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Nazi-saluting Protester Convicted in Germany

Newsweek logo Newsweek 5 days ago Damien Sharkov
Participants in the far-right group 'Pro Chemnitz' protest rally use their cell phones as lights as they sing the national anthem at the entrance to the stadium of Chemnitz FC, where Minister President of Saxony, Michael Kretschmer met with members of the public on August 30, 2018 amid tensions sparked by a deadly stabbing in Chemnitz, eastern Germany. © ODD ANDERSEN/AFP/Getty Images Participants in the far-right group 'Pro Chemnitz' protest rally use their cell phones as lights as they sing the national anthem at the entrance to the stadium of Chemnitz FC, where Minister President of Saxony, Michael Kretschmer met with members of the public on August 30, 2018 amid tensions sparked by a deadly stabbing in Chemnitz, eastern Germany.

Germany has convicted a man for hate speech and assault after giving a Nazi salute at a far-right rally in the country's east.

The case, one of several fast-tracked by a district court in the city of Chemnitz, follows a wave of anti-migrant demonstrations that took place two weeks ago. Of those arrested for alleged offenses made while taking part in the unrest, the first verdict arrived on Thursday.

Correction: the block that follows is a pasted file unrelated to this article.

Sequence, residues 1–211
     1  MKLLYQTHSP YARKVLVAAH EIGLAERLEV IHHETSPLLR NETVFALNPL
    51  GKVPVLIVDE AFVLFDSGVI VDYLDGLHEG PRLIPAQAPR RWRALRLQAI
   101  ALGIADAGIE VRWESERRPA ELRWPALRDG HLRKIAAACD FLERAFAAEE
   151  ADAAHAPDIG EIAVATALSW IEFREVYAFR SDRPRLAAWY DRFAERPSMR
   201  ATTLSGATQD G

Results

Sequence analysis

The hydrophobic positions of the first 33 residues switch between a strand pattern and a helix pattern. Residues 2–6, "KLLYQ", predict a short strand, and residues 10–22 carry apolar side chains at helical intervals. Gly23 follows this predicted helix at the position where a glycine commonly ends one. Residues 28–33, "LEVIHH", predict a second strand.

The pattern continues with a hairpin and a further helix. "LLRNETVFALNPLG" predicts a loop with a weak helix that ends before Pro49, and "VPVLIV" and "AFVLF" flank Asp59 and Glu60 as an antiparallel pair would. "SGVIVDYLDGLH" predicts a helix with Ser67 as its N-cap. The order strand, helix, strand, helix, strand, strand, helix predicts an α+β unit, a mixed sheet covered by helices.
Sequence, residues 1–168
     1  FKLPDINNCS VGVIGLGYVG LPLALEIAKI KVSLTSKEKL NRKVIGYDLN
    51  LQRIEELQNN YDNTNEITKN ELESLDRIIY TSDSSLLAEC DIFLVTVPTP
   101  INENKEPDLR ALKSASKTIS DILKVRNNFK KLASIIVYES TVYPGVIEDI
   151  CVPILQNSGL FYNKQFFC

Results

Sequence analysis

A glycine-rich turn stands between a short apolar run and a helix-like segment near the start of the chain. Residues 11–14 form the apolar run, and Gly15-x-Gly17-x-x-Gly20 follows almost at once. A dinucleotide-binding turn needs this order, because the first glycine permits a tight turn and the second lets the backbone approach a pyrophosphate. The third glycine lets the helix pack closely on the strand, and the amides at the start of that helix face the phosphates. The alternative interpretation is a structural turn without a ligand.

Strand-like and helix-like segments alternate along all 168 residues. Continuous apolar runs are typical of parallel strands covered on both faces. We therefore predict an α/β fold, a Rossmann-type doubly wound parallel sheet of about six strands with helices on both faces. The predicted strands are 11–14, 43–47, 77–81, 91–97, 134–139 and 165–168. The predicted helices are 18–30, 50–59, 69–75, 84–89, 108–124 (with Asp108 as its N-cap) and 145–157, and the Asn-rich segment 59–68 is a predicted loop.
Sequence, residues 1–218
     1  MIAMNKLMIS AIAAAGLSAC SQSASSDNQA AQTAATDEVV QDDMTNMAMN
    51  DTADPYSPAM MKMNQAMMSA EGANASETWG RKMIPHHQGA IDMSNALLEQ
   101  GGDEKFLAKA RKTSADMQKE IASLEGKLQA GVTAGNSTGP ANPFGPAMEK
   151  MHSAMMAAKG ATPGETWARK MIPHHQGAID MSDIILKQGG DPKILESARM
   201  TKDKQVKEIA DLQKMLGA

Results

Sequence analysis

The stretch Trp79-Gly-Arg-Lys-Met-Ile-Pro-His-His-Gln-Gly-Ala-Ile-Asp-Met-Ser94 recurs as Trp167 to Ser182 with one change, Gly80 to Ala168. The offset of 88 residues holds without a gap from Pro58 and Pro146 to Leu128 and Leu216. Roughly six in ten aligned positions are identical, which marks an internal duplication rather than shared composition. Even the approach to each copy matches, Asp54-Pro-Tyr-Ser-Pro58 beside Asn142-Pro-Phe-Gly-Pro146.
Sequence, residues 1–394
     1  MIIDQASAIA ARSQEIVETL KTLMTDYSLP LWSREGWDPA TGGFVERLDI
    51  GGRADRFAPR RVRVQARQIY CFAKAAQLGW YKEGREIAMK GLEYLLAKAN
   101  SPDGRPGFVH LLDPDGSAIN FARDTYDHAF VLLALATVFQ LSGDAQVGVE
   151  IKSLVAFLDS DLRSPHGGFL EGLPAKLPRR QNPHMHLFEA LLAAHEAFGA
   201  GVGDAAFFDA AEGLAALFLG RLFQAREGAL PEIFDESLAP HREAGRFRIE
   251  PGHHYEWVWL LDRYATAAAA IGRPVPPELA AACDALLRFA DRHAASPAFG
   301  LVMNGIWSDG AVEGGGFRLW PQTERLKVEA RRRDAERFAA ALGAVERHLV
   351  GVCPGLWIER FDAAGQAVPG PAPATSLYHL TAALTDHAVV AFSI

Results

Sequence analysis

The court sentenced a 33-year-old man, whose name was not given, to eight months probation and fined him $2,300 for making the gesture once used by Adolf Hitler and the Nazi party, German broadcaster Deutsche Welle reported.

The event took place following the death of a German man, in which one of the wanted suspects is an Iraqi male. Two men are in police custody and media reports have claimed they had Syrian and Iranian documents. A handful of fringe groups quickly pounced on the public outrage and sparked a rally that turned violent.

a group of people in front of a crowd © Provided by IBT Media The march was organized by Germany’s resurgent anti-migrant and anti-establishment Alternative for Germany (AfD) party in conjunction with two other political groups, namely anti-Islam movement PEGIDA and the local nationalist group Pro Chemnitz. The man was found guilty of not only using the banned salute, but also of assaulting a law enforcement official and attempted assault. A similar case of a 34-year-old charged with using the Nazi gesture will come to court on Friday.

Read More: Woman brings World War Two grenade in police station, evacuates building and shuts down traffic

The public demonstration of any symbols or statements directly celebrating the Nazi regime, such as uttering party greetings or displaying swastikas, is punishable under German law. The incidents in Chemnitz have sparked fresh debate about the presence of nativism and xenophobia in some segments of German society.

Pro Chemnitz has announced it will hold another rally this week, however locals have also tried to show opposition to the developments of two weeks ago. An art project displaying 10 grotesque wolves, giving the Nazi salute across 10 different places, has appeared in the city, in a bid to draw attention that “hate is growing.”

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